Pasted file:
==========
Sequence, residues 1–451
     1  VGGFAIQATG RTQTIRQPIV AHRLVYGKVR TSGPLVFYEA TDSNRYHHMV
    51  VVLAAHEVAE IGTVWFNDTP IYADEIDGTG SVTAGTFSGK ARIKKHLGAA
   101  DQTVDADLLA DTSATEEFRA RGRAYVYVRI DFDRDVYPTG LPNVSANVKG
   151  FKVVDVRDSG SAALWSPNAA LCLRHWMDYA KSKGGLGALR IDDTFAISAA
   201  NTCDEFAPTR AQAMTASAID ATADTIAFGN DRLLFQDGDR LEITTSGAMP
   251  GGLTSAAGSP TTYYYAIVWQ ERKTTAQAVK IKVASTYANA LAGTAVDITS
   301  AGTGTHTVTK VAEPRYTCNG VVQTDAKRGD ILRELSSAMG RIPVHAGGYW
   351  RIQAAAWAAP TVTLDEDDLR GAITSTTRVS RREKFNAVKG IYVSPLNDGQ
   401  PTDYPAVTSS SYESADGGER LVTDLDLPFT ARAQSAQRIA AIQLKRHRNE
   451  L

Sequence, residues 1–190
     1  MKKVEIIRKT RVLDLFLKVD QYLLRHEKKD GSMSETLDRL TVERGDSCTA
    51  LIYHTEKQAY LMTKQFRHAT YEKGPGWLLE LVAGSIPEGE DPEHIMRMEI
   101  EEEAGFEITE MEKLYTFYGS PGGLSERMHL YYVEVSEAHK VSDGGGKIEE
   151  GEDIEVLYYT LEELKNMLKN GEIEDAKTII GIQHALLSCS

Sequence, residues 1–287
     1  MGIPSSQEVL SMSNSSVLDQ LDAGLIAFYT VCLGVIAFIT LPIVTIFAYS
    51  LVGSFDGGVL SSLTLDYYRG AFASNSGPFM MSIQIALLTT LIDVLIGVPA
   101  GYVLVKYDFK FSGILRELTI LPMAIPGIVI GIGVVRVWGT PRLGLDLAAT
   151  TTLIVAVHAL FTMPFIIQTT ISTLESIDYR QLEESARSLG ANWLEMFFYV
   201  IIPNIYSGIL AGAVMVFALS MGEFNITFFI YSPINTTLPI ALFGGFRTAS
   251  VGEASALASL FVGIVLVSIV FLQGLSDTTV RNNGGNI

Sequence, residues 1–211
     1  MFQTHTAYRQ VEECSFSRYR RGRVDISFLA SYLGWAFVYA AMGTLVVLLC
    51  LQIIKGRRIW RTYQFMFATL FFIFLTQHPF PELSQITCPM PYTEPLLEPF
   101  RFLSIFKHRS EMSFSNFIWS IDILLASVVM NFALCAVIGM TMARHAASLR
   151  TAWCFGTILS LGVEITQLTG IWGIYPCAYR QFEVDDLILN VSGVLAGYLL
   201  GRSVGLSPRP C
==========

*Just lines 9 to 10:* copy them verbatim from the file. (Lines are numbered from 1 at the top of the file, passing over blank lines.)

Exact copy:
   351  RIQAAAWAAP TVTLDEDDLR GAITSTTRVS RREKFNAVKG IYVSPLNDGQ
   401  PTDYPAVTSS SYESADGGER LVTDLDLPFT ARAQSAQRIA AIQLKRHRNE